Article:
In 1808, a Dictionary of Popular Usage described the flâneur as “a lazybones, a loafer, a man of insufferable idleness, who doesn’t know where to carry his trouble and his boredom.” This is perhaps reflected in what Keith Tester says when he argued that the flâneur was “going about the city in order to find the things which will occupy his gaze and thus complete his otherwise incomplete identity, satisfy his otherwise dissatisfied existence, replace the sense of bereavement with a sense of life.” (Tester, Keith (ed.) (1994), The Flâneur, Routledge, Page 7.) These two quotes suggest the flâneur is someone who is a deviant or someone to be pitied and although I am focusing on the flâneur in the modern setting of Paris, these quotes could easily relate to the youths who wander around the‘post-modern settings of shopping malls, in search of something to excite them and themselves as a sort of post-modern flâneur.
The flâneur has a detachment from the ordinary social world, and an attachment to the city. He is, however, an integral part of the urban spectacle – he requires the city and its crowds, yet strives to remain aloof from them. He is alone and companionship is undesirable. Another flâneur is barely acceptable and female company is out of the question.
The flâneur sees women as compromising his detachment from the city and that women cannot disconnect themselves from the city and its enchantments – she is unsuitable as a flâneur because she desires the objects, whereas he desires the city as a whole, not a particular part of it. In reality, women to the flâneur are essential components of the urban drama the flâneur observes – she is to be consumed and enjoyed along with the other sights of the city.
The flâneur consumes the city at one step removed, savouring the display without expenditure – financial or emotional. He remains anonymous and has an imaginative and intellectual link to the city and this sets him apart from the ordinary idlers and gapers. Balzac spoke of what he saw as the contrast between idler and flâneur when he said that “to stroll is to vegetate, to flâneur is to live.” (quoted in Ferguson.) This is perhaps a contradiction, after all is someone who is alone, detached, unemotional, apart from society actually living?
The incompetent flâneur lacks knowledge, neither knowing the city or how to use it. The‘amateur flâneur is impelled to act upon what he sees and therefore loses his detachment.
Unlike the ordinary man, who can be disturbed and confused by the expanding city, the flâneur is actually entertained by the ever-changing urban spectacle – coping with it by reducing it to a marvellous show.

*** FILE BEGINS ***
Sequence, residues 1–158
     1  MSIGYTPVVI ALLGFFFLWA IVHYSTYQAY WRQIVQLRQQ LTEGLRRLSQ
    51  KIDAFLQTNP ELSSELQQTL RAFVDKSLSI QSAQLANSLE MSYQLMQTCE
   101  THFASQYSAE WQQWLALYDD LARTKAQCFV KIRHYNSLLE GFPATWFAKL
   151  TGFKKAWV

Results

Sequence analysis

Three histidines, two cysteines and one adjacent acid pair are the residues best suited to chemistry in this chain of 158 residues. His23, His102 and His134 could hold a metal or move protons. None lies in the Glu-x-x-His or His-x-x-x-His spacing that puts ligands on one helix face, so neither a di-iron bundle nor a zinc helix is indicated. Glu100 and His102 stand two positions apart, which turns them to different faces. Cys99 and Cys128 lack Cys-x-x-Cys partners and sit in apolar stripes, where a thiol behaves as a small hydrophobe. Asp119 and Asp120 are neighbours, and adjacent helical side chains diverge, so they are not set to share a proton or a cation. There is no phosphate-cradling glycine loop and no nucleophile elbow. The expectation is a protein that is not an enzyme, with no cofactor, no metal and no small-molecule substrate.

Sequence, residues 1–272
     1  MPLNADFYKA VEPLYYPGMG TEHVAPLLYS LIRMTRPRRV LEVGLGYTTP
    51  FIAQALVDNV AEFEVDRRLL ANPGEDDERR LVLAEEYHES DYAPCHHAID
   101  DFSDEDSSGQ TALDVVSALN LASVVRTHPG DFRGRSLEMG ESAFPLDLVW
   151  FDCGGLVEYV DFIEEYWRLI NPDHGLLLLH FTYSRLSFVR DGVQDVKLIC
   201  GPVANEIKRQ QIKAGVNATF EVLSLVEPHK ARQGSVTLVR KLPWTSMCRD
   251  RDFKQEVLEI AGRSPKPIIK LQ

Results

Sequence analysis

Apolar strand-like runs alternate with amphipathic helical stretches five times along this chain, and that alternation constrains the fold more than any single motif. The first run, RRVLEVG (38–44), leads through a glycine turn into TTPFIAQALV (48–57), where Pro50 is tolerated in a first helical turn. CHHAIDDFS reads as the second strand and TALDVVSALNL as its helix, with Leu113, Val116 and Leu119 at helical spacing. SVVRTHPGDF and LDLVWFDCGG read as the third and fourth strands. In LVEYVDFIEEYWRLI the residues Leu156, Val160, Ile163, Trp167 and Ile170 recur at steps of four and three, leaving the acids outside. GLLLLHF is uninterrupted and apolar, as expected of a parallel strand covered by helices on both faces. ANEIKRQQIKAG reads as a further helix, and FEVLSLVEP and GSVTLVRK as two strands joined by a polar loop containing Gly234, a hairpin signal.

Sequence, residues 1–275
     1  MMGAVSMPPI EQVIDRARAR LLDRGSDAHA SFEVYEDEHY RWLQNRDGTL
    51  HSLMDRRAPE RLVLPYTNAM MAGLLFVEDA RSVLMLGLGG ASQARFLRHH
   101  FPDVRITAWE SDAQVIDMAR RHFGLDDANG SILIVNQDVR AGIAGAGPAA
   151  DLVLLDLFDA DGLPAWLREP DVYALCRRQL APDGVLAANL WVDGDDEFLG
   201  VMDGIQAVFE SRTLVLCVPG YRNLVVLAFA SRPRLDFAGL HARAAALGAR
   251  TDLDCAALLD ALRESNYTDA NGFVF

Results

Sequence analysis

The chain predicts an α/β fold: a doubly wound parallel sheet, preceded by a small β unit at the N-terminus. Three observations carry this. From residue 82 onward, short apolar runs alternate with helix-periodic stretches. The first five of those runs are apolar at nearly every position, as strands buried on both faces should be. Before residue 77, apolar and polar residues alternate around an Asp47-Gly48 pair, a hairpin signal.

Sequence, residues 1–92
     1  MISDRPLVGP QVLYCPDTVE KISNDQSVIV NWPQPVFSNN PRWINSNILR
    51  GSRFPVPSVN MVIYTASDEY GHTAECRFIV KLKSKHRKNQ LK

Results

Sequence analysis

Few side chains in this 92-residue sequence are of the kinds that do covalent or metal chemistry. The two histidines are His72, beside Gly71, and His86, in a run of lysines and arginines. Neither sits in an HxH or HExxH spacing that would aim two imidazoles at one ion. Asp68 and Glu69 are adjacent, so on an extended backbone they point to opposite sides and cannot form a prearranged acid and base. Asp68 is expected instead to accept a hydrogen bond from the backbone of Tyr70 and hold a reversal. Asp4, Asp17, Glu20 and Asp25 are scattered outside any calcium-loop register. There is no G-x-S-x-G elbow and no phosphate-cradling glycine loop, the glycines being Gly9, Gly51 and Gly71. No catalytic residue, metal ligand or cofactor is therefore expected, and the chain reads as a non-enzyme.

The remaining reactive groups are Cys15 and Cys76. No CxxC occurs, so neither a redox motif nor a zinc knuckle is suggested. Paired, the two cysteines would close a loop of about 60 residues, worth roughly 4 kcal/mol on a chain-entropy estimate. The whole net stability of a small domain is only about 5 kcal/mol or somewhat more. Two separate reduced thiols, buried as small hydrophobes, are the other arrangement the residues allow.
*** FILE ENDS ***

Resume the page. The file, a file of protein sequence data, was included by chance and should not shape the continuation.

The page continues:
By the 1880s flânerie was in decline and was moving from the streets to the department stores and other indoor sites. Even the world flâneur is appropriated by the masses in the form of advertising which takes up the word and uses the almost mythological image of the flâneur from the literature of the 19th century.
The altered urban context eventually disables the individual, and the flâneur. This is largely tied up with increasing conspicuous commodification of everyday life. The flâneur’s disregard of the commercial therefore alienates him further – again this can be seen as deviant. Not even the artist can keep the commercial at bay. Intellect and reason give way to ever more extravagance, ever more conspicuous displays of commercialism.
Once in the department stores, flânerie becomes a feminine pursuit. Although the department stores are a natural progression from the arcades, they completely change flânerie. In the stores the flâneur can no longer exert a singular relationship to the city, one that was emblematic of his relationship to society – in that he was neither fully outside on the street nor altogether inside in the shop.
The department store changes the individual’s relationship to city and society, the demarcation has gone and so has the flâneur’s distinctive status. His dispassionate gaze dissipates under pressure from the shopper’s passionate engagement in the world of consumerism. The flâneur has nowhere to retreat and ends up simply going shopping. He becomes just another consumer thus ending his connection with creativity.
Consumption is the only motivation for anyone’s presence in the department stores, where the superior individual is not the flâneur who can lose himself in the crowd, but rather that capitalist who rules the crowd.
Flânerie was a response to particular cultural and social conditions. The confusion wrought by relentless political and social change all undermined his ability to narrate on the city. Thus the flâneur comes and goes with the century, moving on then off the streets of Paris.
BIBLIOGRAPHY AND FURTHER READING
Benjamin, Walter (1992), Illuminations, Fontana Press.
Benjamin, Walter (1997), Charles Baudelaire, Verso. – Features chapters on the flâneur, modernism and Paris.
Berman, Marshall (1994), All That is Solid Melts into Air, Verso. – Useful for background material on the development of Paris in the 19th century as well as material on Walter Benjamin and aspects of modernism.
Tester, Keith (1994), The Flâneur, Routledge. – Features a variety of essays on the flâneur and flânerie.
Walkowitz, Judith (1992), City of Dreadful Delight, Virago. – The chapter “Urban Spectatorship” brings out some issues of the flâneur in relation to London.